Fish rescued from ‘low-flow’ rivers
Ngāi Tahu and Environment Canterbury are working together to rescue and relocate taonga fish species from the drought-stricken Rakahuri/Ashley and Waipara Rivers.
Tangata Tiaki (customary fisheries guardian), Te Marino Lenihan (Ngāi Tahu – Ngāi Tūāhuriri), says this is an excellent example of collaboration between a government organisation and local hapū – one that takes the relationship from a political level to a practical, on-the-ground application. He hopes it will lead to the development of stronger relationships with other organisations.
“This exercise has stimulated conversations between a number of different groups – NZ Forest and Bird for instance, who are interested in the welfare of birds that inhabit the braided rivers; and NZ Fish and Game, who have also been working hard to relocate stranded fish species,” he says.
“It’s important when our environment comes under any sort of stress, that we are able to work together; and I hope this will lead to other strategic approaches that pool our resources.”
Lenihan has been working with fellow Tangata Tiaki and Environment Canterbury Park Ranger, Makarini Rupene (Ngāi Tahu – Ngāi Tūāhuriri) and other Ngāi Tahu and Environment Canterbury staff to rescue a number of native species using Customary Authorisation, which accommodates the rescue and relocation of taonga mahinga kai species.
Following a phone call from a member of the public, alerting him to stranded eels, Rupene organized the first rescue mission, working up the south bank of the Rakahuri/Ashley River, assessing every remaining water hole within the dried river channels.
Using a combination of digging in muddy areas and electric fishing equipment that momentarily stuns fish species so they can be caught without stress, Rupene and his team were able to rescue and relocate 35 tuna (eel), two rare kanakana (lamprey eel), pātiki (flounder), hundreds of lowland bullies and torrent fish, two rare mudfish and several galaxiid species on their first day. Another 35 tuna and one pātiki were translocated from the Ruataniwha/Cam River a day earlier.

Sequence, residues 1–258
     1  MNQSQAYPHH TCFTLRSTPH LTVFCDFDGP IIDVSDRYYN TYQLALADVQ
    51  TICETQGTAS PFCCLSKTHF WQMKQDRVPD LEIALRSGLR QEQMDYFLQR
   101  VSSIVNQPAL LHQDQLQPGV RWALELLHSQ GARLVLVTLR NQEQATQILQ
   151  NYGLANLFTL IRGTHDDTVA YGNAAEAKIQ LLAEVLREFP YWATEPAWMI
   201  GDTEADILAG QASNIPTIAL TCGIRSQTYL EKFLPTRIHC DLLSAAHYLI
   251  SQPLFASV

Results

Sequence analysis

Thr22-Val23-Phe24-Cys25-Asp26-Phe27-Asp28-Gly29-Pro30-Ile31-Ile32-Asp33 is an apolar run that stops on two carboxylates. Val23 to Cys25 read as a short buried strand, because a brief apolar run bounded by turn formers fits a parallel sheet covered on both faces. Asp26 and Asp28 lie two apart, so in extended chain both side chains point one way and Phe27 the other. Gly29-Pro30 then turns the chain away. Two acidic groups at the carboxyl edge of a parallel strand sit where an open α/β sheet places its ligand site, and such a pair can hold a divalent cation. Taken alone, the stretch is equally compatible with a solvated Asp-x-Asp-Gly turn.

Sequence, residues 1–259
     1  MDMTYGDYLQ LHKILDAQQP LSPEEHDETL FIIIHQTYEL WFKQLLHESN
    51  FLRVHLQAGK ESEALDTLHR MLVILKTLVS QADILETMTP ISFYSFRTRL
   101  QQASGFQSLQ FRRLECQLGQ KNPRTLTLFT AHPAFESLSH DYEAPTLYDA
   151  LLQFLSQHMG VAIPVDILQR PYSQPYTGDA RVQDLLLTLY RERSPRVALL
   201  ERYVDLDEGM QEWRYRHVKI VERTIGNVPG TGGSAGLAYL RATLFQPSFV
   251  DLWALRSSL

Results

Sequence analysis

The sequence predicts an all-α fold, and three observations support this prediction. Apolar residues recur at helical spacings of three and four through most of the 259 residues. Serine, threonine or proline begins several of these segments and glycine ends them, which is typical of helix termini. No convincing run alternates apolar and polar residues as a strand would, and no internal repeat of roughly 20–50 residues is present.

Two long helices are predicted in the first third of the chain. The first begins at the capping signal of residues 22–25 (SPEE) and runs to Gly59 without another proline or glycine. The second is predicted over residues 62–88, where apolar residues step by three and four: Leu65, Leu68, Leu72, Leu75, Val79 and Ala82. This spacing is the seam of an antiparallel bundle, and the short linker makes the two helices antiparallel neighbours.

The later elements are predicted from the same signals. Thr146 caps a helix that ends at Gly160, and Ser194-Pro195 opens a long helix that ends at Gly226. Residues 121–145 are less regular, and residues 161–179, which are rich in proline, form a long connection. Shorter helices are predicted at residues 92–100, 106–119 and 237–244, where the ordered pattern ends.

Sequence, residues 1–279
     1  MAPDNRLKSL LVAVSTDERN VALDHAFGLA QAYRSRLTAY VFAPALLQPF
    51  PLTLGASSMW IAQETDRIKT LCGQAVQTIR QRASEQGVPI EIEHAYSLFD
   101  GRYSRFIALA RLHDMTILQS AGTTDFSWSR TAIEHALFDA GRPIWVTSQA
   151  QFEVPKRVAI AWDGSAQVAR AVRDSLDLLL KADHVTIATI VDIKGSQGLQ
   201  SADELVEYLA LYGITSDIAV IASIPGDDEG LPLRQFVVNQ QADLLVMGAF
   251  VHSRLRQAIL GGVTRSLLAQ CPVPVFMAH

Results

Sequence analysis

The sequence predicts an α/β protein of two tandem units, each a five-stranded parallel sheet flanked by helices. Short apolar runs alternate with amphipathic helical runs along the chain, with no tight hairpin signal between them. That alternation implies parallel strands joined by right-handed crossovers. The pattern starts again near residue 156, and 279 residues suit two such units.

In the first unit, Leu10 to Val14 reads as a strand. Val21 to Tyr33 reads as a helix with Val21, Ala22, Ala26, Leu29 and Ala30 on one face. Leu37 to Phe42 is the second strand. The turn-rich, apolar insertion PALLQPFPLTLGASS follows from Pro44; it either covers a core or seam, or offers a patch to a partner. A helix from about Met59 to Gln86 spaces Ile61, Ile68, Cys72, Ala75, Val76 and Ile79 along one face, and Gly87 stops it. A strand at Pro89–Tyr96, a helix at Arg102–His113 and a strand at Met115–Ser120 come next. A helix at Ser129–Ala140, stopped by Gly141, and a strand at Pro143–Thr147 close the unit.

The numbers and species of found fish were recorded, photographs were taken and GPS locations noted. The fish were then released into the Little Ashley River, a freshwater tributary.
“We focused on our key mahinga kai species but of course we saved anything we could that was covered by our Customary Authorisation. At the same time, Fish and Game have been working hard to save other species, like stranded salmon and trout,” Rupene says.
According to Rupene, who has spent most of his life on and around local rivers, drought within the Canterbury river systems is not uncommon but he says the current low flows are the worst he’s seen in the last eight years and with more dry weather expected, he says the situation could worsen.
He has extended the team’s monitoring to include the Waipara River and says that while it is too late to save some fish, they will be monitoring the river systems closely over the coming months, as larger river pools begin to dry up.
While tuna have been the key focus of the recovery, Rupene is pleased they’ve been able to save small numbers of rare species like kanakana and the Canterbury mudfish; and he’s delighted his work with Environment Canterbury has given him the opportunity to initiate this important mahinga kai work.
“It shows the level of trust that has developed between our two organisations and how we’re all working together for the betterment of the environment,” he says.